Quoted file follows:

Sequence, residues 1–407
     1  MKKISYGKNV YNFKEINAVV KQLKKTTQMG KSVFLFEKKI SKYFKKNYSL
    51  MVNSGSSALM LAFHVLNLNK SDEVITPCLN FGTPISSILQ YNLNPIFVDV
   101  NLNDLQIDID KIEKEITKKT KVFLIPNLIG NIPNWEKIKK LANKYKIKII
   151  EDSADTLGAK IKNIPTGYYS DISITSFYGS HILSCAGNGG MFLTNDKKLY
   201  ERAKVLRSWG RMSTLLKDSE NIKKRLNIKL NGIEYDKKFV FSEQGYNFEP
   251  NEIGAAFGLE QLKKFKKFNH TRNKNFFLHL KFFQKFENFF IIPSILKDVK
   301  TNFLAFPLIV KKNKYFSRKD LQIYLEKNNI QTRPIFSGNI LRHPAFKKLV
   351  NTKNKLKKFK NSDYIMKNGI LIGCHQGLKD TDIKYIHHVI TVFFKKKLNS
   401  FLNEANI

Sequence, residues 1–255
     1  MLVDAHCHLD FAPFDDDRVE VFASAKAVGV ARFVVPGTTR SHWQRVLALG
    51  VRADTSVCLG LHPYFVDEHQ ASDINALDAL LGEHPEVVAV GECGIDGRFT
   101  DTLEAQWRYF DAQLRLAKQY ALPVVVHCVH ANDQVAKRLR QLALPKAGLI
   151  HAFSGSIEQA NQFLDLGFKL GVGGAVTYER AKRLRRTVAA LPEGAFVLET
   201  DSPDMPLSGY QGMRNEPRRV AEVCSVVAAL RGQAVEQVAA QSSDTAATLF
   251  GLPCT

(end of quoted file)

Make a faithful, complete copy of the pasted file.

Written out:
Sequence, residues 1–407
     1  MKKISYGKNV YNFKEINAVV KQLKKTTQMG KSVFLFEKKI SKYFKKNYSL
    51  MVNSGSSALM LAFHVLNLNK SDEVITPCLN FGTPISSILQ YNLNPIFVDV
   101  NLNDLQIDID KIEKEITKKT KVFLIPNLIG NIPNWEKIKK LANKYKIKII
   151  EDSADTLGAK IKNIPTGYYS DISITSFYGS HILSCAGNGG MFLTNDKKLY
   201  ERAKVLRSWG RMSTLLKDSE NIKKRLNIKL NGIEYDKKFV FSEQGYNFEP
   251  NEIGAAFGLE QLKKFKKFNH TRNKNFFLHL KFFQKFENFF IIPSILKDVK
   301  TNFLAFPLIV KKNKYFSRKD LQIYLEKNNI QTRPIFSGNI LRHPAFKKLV
   351  NTKNKLKKFK NSDYIMKNGI LIGCHQGLKD TDIKYIHHVI TVFFKKKLNS
   401  FLNEANI

Sequence, residues 1–255
     1  MLVDAHCHLD FAPFDDDRVE VFASAKAVGV ARFVVPGTTR SHWQRVLALG
    51  VRADTSVCLG LHPYFVDEHQ ASDINALDAL LGEHPEVVAV GECGIDGRFT
   101  DTLEAQWRYF DAQLRLAKQY ALPVVVHCVH ANDQVAKRLR QLALPKAGLI
   151  HAFSGSIEQA NQFLDLGFKL GVGGAVTYER AKRLRRTVAA LPEGAFVLET
   201  DSPDMPLSGY QGMRNEPRRV AEVCSVVAAL RGQAVEQVAA QSSDTAATLF
   251  GLPCT